MARGARET WARNER: It is the new front line in Pakistan’s battle against terrorism. The bucolic Swat Valley, just 90 miles from the capital Islamabad, was until eight months ago a popular tourist haven, but now it’s a war zone, where President Pervez Musharraf has launched a stepped-up military campaign to confront a major threat from Islamic radicals.
The militants have made major inroads, taking over villages that mount little or no resistance, kidnapping and beheading Pakistani soldiers, and promoting an extreme form of Islamic rule right on the Pakistani president’s doorstep.
Retired General Talat Masood, a leading analyst, says they’ve made inroads of a political nature, too.
LT. GEN. TALAT MASOOD (Ret.), Pakistan Army: The Muslims there have been radicalized by certain clerics who have been allowed a free hand for several years to propagate their myopic and obscurantist propaganda through the mosques.
MARGARET WARNER: Masood says local extremists, augmented by Islamic fighters from Afghanistan and Uzbekistan, exploit the public’s dissatisfaction with the local authorities, appointed by Islamabad.
Musharraf and the United States were already concerned about militancy on the march in Pakistan’s western tribal areas, places like North and South Waziristan on the Afghan border, where U.S. intelligence says al-Qaida and Taliban have found safe haven.
But the Swat Valley is considered a settled area, much closer to Pakistan’s heavily populated heartland and the capital, Islamabad. Musharraf and his military commanders know the radicals’ gains in Swat represent a serious escalation of the extremist threat to Pakistan itself.
After months of ineffectual fighting and losses by auxiliary troops, including some taken hostage after surrendering without a fight, Musharraf last week announced the army would take charge, bolstered by 15,000 new troops. On Tuesday, the military commander of the operation said it would take them just four weeks to liberate the valley from the grip of the militants.
MAJ. GEN. ARSHAD WAHEED, Pakistan Armed Forces: The militants know that the army means business, the government means business, so I think everybody realizes and understands that the operations are going to take the situation to its logical conclusion. So there’s no going back now.
MARGARET WARNER: Analysts like Talat Masood say that may be wishful thinking.
LT. GEN. TALAT MASOOD: Well, it is like saying that, you know, the Iraqi maneuver was very successful in 21 days. These are not normal wars. You have to go much beyond that in order to truly eliminate that. And for that, you need, again, the process to win them back and to integrate them with the rest of the society and make them normal citizens.
Militants in Swat Valley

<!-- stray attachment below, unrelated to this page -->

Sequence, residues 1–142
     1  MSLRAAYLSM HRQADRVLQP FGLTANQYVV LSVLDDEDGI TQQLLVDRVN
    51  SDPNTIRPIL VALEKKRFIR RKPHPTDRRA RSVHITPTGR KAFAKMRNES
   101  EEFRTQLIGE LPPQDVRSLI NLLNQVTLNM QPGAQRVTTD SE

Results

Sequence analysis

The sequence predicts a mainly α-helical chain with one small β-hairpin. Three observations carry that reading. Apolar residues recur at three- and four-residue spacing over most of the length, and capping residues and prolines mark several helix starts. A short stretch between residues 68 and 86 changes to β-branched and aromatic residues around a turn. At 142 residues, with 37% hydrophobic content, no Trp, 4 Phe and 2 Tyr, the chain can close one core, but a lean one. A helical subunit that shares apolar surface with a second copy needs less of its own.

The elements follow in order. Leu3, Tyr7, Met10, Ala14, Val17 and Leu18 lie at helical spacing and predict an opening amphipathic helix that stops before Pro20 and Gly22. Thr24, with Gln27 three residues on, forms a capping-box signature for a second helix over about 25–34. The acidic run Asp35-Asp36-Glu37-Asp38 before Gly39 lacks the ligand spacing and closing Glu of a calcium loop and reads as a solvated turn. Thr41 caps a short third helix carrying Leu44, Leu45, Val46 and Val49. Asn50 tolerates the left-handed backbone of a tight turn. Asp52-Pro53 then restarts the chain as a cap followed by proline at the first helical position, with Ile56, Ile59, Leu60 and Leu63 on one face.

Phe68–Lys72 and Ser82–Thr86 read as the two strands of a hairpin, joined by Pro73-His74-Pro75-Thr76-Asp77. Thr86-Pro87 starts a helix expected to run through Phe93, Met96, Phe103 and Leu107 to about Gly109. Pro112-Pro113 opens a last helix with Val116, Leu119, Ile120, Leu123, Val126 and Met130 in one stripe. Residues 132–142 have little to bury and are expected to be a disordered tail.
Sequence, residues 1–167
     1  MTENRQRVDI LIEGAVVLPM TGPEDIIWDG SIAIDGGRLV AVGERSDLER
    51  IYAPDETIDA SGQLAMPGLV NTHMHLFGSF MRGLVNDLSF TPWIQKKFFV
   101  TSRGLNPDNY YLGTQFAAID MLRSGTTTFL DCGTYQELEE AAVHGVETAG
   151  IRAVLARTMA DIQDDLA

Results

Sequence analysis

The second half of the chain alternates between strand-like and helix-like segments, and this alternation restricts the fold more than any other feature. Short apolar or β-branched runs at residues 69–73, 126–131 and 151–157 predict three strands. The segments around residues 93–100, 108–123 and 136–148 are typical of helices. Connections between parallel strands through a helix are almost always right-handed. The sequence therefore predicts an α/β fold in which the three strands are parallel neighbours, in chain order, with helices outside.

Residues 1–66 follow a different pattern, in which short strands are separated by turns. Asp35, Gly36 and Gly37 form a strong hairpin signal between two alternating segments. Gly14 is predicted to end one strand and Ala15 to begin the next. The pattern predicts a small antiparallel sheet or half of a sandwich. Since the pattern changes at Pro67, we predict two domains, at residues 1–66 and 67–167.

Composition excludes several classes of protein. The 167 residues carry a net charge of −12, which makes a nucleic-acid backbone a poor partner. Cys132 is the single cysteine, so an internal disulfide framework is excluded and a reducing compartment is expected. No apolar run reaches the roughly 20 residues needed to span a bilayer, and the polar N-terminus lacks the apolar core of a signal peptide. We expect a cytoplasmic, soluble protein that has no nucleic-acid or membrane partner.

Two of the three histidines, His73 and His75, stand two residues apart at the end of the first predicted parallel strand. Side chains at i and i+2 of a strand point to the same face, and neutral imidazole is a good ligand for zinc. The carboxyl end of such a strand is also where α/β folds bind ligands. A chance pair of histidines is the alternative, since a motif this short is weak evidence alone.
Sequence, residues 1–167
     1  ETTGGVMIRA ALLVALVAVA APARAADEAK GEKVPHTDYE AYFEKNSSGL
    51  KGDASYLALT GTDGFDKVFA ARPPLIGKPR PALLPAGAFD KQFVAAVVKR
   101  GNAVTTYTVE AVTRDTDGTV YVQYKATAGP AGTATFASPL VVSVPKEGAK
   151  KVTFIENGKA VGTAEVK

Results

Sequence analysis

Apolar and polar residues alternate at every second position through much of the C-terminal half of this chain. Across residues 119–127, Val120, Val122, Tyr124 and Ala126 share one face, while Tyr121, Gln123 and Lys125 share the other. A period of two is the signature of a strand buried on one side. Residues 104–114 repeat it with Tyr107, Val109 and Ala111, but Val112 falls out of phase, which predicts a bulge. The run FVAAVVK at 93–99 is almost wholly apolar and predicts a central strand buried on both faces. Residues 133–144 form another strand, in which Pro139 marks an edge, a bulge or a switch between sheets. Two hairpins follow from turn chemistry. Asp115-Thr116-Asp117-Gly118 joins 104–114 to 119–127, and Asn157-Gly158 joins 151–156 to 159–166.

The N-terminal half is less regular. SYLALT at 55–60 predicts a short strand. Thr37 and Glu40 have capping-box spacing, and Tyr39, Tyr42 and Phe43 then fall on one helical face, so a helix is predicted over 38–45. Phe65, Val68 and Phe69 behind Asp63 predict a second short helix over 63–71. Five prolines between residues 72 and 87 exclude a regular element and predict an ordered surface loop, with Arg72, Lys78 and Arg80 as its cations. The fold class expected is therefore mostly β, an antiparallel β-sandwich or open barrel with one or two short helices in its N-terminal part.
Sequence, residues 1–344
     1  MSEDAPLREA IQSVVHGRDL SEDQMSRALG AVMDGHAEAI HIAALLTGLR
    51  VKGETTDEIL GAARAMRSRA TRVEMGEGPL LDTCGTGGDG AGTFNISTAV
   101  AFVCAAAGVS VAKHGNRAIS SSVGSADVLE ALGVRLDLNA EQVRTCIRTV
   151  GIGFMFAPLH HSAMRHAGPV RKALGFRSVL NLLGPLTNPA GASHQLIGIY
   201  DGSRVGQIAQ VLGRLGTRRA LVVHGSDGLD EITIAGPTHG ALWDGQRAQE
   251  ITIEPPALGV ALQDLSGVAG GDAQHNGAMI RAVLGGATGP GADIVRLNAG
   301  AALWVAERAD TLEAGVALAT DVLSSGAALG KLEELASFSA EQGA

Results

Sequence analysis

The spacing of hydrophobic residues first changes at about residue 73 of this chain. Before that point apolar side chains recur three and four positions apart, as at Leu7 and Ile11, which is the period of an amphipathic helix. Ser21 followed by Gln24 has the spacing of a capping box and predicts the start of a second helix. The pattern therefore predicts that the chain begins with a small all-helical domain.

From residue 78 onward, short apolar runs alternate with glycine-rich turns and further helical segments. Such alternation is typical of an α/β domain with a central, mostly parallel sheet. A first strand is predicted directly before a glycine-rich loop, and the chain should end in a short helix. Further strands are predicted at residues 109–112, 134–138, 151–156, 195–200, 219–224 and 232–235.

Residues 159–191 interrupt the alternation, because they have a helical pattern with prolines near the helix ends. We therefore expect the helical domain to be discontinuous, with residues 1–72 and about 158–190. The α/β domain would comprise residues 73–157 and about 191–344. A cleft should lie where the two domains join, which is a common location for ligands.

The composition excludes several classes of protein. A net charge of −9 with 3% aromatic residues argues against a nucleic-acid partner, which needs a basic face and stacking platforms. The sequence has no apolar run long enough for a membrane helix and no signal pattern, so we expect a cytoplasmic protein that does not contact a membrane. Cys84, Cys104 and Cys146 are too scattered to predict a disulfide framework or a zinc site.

MARGARET WARNER: Local authority in the Swat Valley, where many police simply flee their stations as militants approach, seems a long way from a successful campaign to win hearts and minds. Some local residents fleeing the fighting express no optimism about the valley's future.
LOCAL RESIDENT (through translator): There's no solution to this problem. Earlier there used to be police and security, but now they are not here, so there is no solution.
MARGARET WARNER: And Amina Janjua, a middle-class woman in Rawalpindi, a frequent visitor to the Swat Valley in years past, says people she knows there believe the militants are on their side.
AMINA JANJUA, Local Resident: What they want is to maybe to save the people from the government's mistreatment, injustice and the crimes they have been illegally doing against the people of Pakistan. They are like saviors for the people of Pakistan, and there are people who are welcoming them.
MARGARET WARNER: The fight against terrorism is a struggle, too, because the Pakistani army, trained to fight neighbor and rival India, seems ill-equipped to wage war against militants on Pakistani soil.
LT. GEN. TALAT MASOOD: It's very difficult for them to use force against their own people; that is one major factor. The other factor is that the Pakistan army has never been trained, truly speaking, for fighting insurgencies and asymmetrical warfare. It's very difficult to fight and different from fighting a conventional or an industrial war, to which they are very well- trained.
Backlash against military action
MARGARET WARNER: Further undermining the military's morale is that the population is itself ambivalent about waging war against fellow Pakistanis. Polls show that terrorist suicide bombings in major cities has turned Pakistanis firmly against such tactics, and the public wholeheartedly supported Musharraf's taking on militants last summer at the Red Mosque.
But there is a backlash, too, particularly when it comes to military action inside Pakistani territory, says Najam Sethi, editor of the Daily Times newspaper in Lahore.
NAJAM SETHI, Editor, The Daily Times: You have actually people in the media who are saying, "There's no excuse in this country. Why are we killing our own people? Why are Muslims fighting Muslims?" And there's a conspiracy theory that says that everything is being done at the behest of the Americans.
Now, of course, we got into the war on terror at the behest of President Bush. But at the end of the day, it's now become our own war, because our own people are being killed, and radical Islam is now a direct threat to civil society here. But the people of this country are not yet ready to buy this argument.